The coated strip heat treatment followed in the practice of this invention is quite different from that found in the prior art galvannealing treatment. Heating furnace 32, according to this invention, heats the coated strip to a temperature below the melting point of zinc for a period of time to control the alloying action (development of the zeta phase) which had begun with the initial contact between the molten zinc and ferrous strip. A minimal post heat treatment is preferred. Furnace 32 supplies just enough heat to maintain the temperature of the coated strip, which temperature is between about 550° to 650° F (288° to 343° C), to promote the development of the less brittle zeta phase, while at the same time minimizing the growth of the brittle gamma and delta phases.
Steel strip (0.032 inches minimum gauge, 45-13/16 inches × coil), whose chemical analysis, by weight, is as follows:
______________________________________Carbon .06%Manganese .33%Aluminum .049%Iron andIncidental Impurities balance,______________________________________
was processed at a line speed of 270 f.p.m. on apparatus of the type shown in the drawing. The fluxed and dried strip was at a temperature of about 500° F (260° C) when it entered the molten zinc maintained at a temperature of about 950° F (510° C). The molten zinc contained 0.17%, by weight, aluminum, and a trace amount of lead. The post heating was conducted at 10% of the post heating furnace's capacity or an output of 800,000 BTU/hr. This was just enough heat to permit the continuance of the alloying activity. It was less than that which would have been required to fully alloy the coating, or to melt the coating.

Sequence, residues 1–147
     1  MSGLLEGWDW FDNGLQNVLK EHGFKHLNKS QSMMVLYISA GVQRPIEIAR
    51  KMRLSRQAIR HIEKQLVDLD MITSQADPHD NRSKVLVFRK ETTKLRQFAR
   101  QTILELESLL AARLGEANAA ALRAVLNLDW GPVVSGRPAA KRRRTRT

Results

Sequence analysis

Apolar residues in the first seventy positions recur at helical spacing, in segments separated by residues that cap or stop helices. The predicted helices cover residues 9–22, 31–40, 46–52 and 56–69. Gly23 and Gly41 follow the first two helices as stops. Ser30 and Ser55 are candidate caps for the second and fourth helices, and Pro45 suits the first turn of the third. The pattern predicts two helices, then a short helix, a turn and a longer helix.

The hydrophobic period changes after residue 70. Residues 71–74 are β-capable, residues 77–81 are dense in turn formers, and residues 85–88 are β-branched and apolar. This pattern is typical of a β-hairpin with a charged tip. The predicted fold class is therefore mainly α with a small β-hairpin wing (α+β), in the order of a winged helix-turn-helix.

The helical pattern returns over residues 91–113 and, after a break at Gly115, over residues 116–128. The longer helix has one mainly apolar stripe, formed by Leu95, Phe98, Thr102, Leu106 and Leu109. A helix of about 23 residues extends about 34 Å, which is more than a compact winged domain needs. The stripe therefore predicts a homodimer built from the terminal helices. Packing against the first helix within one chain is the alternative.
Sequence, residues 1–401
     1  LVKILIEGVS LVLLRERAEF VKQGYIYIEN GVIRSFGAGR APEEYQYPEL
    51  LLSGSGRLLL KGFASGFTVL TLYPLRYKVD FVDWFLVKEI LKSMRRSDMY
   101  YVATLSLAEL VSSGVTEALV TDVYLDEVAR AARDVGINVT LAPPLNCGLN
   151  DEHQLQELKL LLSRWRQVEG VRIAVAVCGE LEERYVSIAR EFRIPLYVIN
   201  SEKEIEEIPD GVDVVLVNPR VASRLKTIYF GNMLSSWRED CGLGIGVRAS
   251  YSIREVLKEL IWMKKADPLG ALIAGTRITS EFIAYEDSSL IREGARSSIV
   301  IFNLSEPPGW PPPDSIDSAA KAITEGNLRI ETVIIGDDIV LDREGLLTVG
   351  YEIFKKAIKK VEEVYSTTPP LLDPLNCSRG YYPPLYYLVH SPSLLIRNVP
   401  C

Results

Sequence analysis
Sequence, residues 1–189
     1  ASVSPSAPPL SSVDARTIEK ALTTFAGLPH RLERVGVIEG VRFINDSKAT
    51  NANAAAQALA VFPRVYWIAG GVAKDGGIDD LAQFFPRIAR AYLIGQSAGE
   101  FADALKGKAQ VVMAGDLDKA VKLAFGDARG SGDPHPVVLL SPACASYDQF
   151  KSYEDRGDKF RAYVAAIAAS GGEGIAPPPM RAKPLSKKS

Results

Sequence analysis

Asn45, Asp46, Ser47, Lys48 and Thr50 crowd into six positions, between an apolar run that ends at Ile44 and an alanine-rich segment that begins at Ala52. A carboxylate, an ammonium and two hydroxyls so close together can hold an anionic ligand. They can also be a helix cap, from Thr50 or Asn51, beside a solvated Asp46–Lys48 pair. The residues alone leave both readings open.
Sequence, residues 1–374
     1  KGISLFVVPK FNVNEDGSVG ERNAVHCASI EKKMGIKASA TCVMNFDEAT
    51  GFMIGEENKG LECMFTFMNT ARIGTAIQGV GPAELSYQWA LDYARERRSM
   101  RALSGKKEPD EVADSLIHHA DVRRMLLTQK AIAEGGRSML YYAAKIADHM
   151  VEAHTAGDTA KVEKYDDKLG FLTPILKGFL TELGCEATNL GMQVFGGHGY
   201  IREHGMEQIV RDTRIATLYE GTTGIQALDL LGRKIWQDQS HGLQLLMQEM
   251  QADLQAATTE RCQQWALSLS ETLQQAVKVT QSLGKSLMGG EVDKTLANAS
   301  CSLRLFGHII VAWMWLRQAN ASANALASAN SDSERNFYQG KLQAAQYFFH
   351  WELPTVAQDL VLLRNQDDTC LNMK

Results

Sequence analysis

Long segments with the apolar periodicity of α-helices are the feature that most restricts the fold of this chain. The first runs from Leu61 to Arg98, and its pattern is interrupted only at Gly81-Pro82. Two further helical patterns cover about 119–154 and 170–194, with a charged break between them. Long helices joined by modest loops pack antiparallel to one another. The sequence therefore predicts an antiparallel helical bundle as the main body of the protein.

The strip was examined and found to have a light gray, reflective coating, a weight of 0.32 oz. per square foot of strip and an average surface finish of about 52 micro inches. Microscopically the coating revealed an intermetallic layer consisting essentially of "bursts" of zeta phase growing away from the ferrous core, an average iron content of about 2.75%, by weight, and a surface layer of free zinc.
By the operation of the processing controls enumerated above, there results a product which may be readily formed or drawn without flaking or powdering. The presence of the surface layer of free zinc means the surface is less porous than the fully alloyed, or galvannealed version. As a consequence, the product of this invention is more readily temper rolled to produce a surface texture, i.e., less than an average of 40 micro inches, which when painted with a high gloss paint is compatible with a cold rolled uncoated surface similarly painted. Further, the temper passing operation had little effect on the susceptability of the coating to powder or flake when formed or drawn.